Sweden, known for its picturesque nature, innovative technology and rich culture is internationally recognised for its progressive social welfare, green thinking and high standard of living. What is student life really like there? One of our students spent one semester in this Scandinavian country and shared some interesting facts with us.

Erasmus Sweden

Studying in Sweden

The Swedish school system is very specific. At university you have to expect that you won’t go to school much, as the education is mainly taken in the form of self-study – going to the library, reading and other self-willing learning.
The semester is divided into two parts and you take two courses in each. These subjects are taught very intensively, if you go to school you spend 2-4 hours in the seminar and then at home you do many assignments, write essays or work on projects. You finish the course either with an exam or an oral exam, there are several options. The professors are supportive, always trying to help. Having trouble finishing your course? Don’t worry! You have as many attempts as you need, as long as you finish the course.

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But enough about school, let’s take a look at what Swedes are actually like.
Swedes are extremely conflict-free and fair people. No one is in a hurry and under stress but at the same time, they are very conscious about deadlines. Even though Swedes are calm and nice, they are also very reserved and closed. After all, Sweden is huge for its population, so people are used to keeping their distance from each other. The big advantage is that you won’t have a problem speaking English anywhere, everyone speaks English, from children to the elderly. And if you want to learn Swedish language, go ahead! Swedish is not a difficult language at all. In four months I learned more than just the basics.

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Swedish life

When it comes to the beauties of Sweden, I wasn’t that impressed by its nature, I felt that we have similar nature in the Czech Republic. But their big lakes, magnificent trees and magical snow in winter are really amazing! You also see a lot of bikes and electric scooters on the street, which are very popular. It is important for them to respect the cyclists. Also, they value ecology, so everywhere is really clean, including the air. Did you know that Sweden has the lowest smoking rate in the European Union at around 5%? Because they have replaced cigarettes with Snus, which is a form of smokeless tobacco that you put in your mouth behind your lip. They also care about their health, you normally see a lot of pensioners in the gym. Also the alcohol is generally harder to get, it’s only sold in one big shop – Systembolaget, which is mostly on the side of town and for example on the weekend it is only open in the morning.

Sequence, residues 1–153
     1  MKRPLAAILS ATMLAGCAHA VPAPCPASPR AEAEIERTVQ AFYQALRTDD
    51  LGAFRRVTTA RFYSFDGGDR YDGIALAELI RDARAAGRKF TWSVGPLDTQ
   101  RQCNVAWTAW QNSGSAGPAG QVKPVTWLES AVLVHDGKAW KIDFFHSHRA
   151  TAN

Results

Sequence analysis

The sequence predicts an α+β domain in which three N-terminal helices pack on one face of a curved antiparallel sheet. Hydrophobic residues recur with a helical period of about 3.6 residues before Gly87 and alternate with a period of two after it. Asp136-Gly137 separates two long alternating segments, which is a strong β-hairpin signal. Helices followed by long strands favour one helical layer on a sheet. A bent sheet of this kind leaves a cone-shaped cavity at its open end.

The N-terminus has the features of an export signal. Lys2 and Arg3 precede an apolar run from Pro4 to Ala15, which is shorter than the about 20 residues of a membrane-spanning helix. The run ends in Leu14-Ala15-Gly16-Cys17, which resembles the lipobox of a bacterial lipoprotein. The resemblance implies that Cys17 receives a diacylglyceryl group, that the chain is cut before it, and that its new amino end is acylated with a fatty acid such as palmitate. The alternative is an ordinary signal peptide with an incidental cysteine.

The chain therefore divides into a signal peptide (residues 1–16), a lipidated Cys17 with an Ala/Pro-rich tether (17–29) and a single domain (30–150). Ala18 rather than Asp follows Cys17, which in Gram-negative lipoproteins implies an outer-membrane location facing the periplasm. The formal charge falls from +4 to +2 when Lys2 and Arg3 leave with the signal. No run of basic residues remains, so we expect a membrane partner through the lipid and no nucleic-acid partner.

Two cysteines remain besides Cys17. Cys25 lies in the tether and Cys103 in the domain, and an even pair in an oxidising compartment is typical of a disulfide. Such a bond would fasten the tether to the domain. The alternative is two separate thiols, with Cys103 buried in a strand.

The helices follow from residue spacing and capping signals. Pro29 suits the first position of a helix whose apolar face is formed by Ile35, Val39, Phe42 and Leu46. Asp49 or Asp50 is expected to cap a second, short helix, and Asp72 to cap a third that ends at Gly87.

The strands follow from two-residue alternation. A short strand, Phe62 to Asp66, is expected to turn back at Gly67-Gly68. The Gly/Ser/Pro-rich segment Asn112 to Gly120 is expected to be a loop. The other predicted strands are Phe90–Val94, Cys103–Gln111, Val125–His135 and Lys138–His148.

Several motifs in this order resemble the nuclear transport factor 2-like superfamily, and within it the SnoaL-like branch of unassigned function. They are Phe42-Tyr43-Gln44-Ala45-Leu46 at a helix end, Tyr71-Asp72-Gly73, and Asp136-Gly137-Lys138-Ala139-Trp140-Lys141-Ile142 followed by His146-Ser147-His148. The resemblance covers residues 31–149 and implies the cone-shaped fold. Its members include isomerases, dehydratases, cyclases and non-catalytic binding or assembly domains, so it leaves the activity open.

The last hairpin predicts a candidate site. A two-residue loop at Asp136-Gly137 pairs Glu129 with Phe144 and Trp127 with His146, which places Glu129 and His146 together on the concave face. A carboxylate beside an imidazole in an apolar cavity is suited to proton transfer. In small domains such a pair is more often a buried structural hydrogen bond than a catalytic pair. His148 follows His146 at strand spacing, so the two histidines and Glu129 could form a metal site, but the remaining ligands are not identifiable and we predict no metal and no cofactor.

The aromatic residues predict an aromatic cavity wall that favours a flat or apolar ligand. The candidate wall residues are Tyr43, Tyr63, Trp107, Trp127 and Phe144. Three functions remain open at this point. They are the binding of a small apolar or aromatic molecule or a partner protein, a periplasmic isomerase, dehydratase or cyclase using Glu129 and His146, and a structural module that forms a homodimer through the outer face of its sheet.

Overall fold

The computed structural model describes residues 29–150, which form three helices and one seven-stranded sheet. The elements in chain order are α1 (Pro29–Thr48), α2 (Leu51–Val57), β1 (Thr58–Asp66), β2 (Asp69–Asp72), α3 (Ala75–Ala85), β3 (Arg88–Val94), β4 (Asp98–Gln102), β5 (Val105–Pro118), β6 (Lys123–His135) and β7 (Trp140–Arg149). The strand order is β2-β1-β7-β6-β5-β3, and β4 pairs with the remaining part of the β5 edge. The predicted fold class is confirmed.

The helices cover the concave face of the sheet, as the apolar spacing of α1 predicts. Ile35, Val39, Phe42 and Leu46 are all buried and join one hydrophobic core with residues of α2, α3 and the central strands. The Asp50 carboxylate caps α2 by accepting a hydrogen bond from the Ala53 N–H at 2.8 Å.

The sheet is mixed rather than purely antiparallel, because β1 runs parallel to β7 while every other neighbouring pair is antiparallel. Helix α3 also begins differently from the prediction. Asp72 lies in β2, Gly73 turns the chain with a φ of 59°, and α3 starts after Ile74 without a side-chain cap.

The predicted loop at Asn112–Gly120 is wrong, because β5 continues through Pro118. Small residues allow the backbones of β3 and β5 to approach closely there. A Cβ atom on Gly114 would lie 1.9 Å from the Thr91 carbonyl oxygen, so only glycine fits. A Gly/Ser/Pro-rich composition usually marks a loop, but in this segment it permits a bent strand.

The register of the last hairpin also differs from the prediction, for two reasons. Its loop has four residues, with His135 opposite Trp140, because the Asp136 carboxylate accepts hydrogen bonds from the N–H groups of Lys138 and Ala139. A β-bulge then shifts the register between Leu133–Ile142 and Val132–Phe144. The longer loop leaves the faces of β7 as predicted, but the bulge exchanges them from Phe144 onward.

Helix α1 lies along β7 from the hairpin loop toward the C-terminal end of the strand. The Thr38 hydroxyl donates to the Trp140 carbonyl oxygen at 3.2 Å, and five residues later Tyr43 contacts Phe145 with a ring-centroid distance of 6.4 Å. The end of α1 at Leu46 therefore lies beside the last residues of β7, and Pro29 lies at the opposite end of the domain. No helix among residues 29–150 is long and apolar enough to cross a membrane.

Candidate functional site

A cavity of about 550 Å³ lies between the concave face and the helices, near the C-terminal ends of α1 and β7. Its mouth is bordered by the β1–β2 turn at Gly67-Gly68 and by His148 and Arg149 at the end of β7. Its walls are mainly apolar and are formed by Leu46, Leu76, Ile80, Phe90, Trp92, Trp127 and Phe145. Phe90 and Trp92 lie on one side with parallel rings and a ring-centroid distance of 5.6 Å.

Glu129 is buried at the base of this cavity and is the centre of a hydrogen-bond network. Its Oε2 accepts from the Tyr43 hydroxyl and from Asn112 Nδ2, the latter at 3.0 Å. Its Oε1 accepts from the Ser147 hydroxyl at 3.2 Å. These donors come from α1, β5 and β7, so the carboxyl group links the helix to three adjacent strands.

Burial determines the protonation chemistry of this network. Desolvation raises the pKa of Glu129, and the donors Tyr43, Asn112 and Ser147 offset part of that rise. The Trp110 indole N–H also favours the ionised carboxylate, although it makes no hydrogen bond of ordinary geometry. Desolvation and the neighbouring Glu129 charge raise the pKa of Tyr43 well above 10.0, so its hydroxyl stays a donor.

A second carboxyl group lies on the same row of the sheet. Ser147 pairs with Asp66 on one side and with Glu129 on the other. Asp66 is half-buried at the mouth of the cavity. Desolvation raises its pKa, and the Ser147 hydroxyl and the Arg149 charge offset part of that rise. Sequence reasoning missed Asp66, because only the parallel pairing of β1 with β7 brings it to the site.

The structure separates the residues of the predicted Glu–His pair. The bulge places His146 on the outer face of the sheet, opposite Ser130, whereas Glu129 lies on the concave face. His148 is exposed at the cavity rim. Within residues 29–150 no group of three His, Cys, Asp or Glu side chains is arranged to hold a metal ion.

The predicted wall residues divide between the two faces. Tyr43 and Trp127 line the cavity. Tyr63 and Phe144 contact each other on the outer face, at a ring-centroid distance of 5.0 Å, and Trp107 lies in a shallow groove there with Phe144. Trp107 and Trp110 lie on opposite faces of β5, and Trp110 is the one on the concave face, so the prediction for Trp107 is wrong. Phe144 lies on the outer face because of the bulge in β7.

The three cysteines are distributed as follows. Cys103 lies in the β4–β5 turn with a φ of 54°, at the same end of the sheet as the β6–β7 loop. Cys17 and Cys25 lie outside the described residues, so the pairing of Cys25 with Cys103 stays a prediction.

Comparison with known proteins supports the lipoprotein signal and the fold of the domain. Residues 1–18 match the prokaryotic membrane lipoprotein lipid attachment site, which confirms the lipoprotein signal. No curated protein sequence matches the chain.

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Swedish prices

It is fairly well known that Sweden is expensive. Swedes have quite high salaries and it doesn’t matter if you’re a lawyer or a shop assistant, both have similar salaries. Food is not that expensive, but transport is, for example, 40 euros for a two-hour train ride. The alcohol mentioned is also very expensive, you can buy one drink at a party for 10 euros and the same goes for going to a restaurant, you pay around 20 euros for a simple pasta or pizza. For renting a room in a student apartment you pay approximately 300 euros a month.

So if you want to save money and have a tasty lunch, head to the Swedish ikea, where you can buy a delicious lunch with a drink and dessert for a few Swedish crowns. You can also save a lot of money at secondhand shops or outlets, of which there are plenty in Sweden.

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And what to actually taste in this country? Definitely their vegan specialties! Whether you’re craving a burger, a hot dog or meatballs, you’ll find a vegan version of everything, which is really delicious and at the same prices as regular food. Definitely also try the already mentioned and balls, whether the meat, vegetable or vegan ones and for dessert choose kanelbulle – cinnamon roll. Have them with a cup of coffee (beware, sometimes it’s hard to find caffé latte or cappuccino, they drink mostly black coffee) and enjoy this chill time because Swedes call this Fika and it’s a very popular activity!

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Sweden – yes or no?

Probably the biggest disadvantage about Sweden is that there are not as many things to do as in the Czech Republic. The cities are quite far from each other and transport is expensive, so it’s not worth travelling to a bigger city several times a week for any kind of entertainment. If you want to try life in Sweden I definitely recommend living in a bigger city. Uppsala is perfect for student life, I also recommend Gothenburg or the capital Stockholm. You also have to consider that in the winter months the sun rises around 8am and sets around 2 or 3pm, so it’s dark most of the day.

Like any country, Sweden has its advantages and disadvantages. But if you’re a lover of nature, ecology, peace and a stress-free life, this is the country for you. You’ll experience a really beautiful winter with lots of snow, you’ll meet nice people and if you’re lucky you might even see the northern lights.

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Do you want to continue reading? Check out some tips on trips around Zlín in a summer time☀️

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